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FroFrom Iwo Jima to Pilot Point

Pilot Point resident creates flagpole to honor Marines

Those with a patriotic spirit can view a tribute to the US Marines effort in Iwo Jima without leaving Pilot Point.

This spring, local resident Jim LeGrotte toiled in his workshop for “about 45-50 hours” to create a miniature model of the famous statue, with a goal to finish by Memorial Day, he said.

Fueled by materials from the Pilot Point Ace Hardware, LeGrotte completed the project by deadline and proudly posted his work in his yard.

“We believe in shopping locally,” he said.

As the Independence Day holiday arrives this weekend, many of LeGrotte’s neighbors have commented favorably on the famous silhouetted soldiers, in unison working to push up an American flag.

LeGrotte and his wife, Rosemary, have family members who have served in the armed forces, as well as local friends and neighbors.

“We’ve always supported the military,” he said. “I just had this wild notion … I looked it up and found the pattern. So I said ‘well, I’m going to do it.’”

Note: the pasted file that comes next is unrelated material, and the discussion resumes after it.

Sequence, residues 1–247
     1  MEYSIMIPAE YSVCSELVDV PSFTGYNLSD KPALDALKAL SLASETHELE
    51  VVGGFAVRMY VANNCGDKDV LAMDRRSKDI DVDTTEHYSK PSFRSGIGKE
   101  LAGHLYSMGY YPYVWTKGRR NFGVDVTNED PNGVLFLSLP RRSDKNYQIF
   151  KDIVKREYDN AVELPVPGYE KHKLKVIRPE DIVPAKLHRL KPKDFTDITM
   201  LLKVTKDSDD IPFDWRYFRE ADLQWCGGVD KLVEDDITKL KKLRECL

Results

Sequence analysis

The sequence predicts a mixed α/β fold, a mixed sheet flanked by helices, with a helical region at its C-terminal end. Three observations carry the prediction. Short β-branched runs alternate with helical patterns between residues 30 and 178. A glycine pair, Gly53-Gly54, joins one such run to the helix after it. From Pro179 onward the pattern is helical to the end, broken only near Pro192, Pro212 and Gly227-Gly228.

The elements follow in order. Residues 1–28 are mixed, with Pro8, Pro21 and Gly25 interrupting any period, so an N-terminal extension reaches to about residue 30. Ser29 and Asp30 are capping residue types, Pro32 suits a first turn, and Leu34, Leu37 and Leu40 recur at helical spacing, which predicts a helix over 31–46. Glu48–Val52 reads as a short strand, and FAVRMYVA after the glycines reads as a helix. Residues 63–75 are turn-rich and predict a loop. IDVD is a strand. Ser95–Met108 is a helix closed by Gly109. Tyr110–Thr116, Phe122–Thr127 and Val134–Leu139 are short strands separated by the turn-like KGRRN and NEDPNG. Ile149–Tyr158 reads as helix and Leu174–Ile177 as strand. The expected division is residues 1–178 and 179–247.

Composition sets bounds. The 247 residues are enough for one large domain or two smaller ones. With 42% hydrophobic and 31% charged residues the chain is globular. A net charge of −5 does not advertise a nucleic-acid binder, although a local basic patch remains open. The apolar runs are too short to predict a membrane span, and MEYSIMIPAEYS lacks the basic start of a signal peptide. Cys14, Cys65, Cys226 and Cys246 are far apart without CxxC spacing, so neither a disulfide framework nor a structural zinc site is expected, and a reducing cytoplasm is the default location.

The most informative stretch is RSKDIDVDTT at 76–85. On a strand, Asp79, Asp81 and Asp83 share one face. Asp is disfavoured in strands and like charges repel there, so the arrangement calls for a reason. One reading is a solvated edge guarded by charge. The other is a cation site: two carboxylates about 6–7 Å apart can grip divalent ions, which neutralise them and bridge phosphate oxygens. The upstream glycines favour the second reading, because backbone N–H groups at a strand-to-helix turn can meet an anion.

LeGrotte is no stranger to working with plans and models. He graduated from Kansas State University with degrees in architecture and city planning.

The statue was created from a single 4’x8’ sheet of plywood.

​“The most time for the project was spent sanding,” LeGrotte said.

“There are so many little pieces to it; you can’t use a power sander,” he said. “It had to be done by hand. I cut it out, sanded it, put two coats of varnish on it to seal it really good and two coats of black paint. It was a lot of work, but I did it all with the love I have for the men and women who’ve served our country.”

LeGrotte didn’t personally serve in the military, he said. His father died shortly after LeGrotte finished college.

“The day we buried my dad, I received my draft notice [to fight] in Korea,” he said.

He asked for a 30-day deferment on the draft, considering the unique circumstances.

“They said they couldn’t do that, but they’d put my name back in the hopper and if it’s called again, you go,” LeGrotte said. “They never called. I would have served. And many times, I’ve kicked myself for not serving.”

After college, LeGrotte opened a planning firm in Fort Worth and worked there for several years before working with the U.S. Dept. of Housing and Urban Development.

He and his wife have lived in Pilot Point for the past 25 years.

A couple of years ago, LeGrotte built a popular silhouette of a cowboy, which leans against a tree in the front yard.

The question has to be asked: what’s the next project for the LeGrotte yard?

“I think I’m probably through,” he said. “I take pride in my yard. I got my Western Texas piece. And now I have this one that I made to honor those who were and are in military service. I hope people appreciate it when they drive by.”

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